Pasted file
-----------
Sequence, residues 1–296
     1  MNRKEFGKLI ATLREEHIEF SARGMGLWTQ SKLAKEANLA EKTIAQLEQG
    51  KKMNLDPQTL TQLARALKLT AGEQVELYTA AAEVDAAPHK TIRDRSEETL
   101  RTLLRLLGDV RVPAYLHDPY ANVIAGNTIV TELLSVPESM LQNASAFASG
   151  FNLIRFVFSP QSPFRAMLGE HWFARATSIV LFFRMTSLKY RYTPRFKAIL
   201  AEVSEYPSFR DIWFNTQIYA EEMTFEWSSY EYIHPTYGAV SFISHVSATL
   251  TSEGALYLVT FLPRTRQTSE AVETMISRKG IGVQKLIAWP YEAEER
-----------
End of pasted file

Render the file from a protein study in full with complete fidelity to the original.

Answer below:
Sequence, residues 1–296
     1  MNRKEFGKLI ATLREEHIEF SARGMGLWTQ SKLAKEANLA EKTIAQLEQG
    51  KKMNLDPQTL TQLARALKLT AGEQVELYTA AAEVDAAPHK TIRDRSEETL
   101  RTLLRLLGDV RVPAYLHDPY ANVIAGNTIV TELLSVPESM LQNASAFASG
   151  FNLIRFVFSP QSPFRAMLGE HWFARATSIV LFFRMTSLKY RYTPRFKAIL
   201  AEVSEYPSFR DIWFNTQIYA EEMTFEWSSY EYIHPTYGAV SFISHVSATL
   251  TSEGALYLVT FLPRTRQTSE AVETMISRKG IGVQKLIAWP YEAEER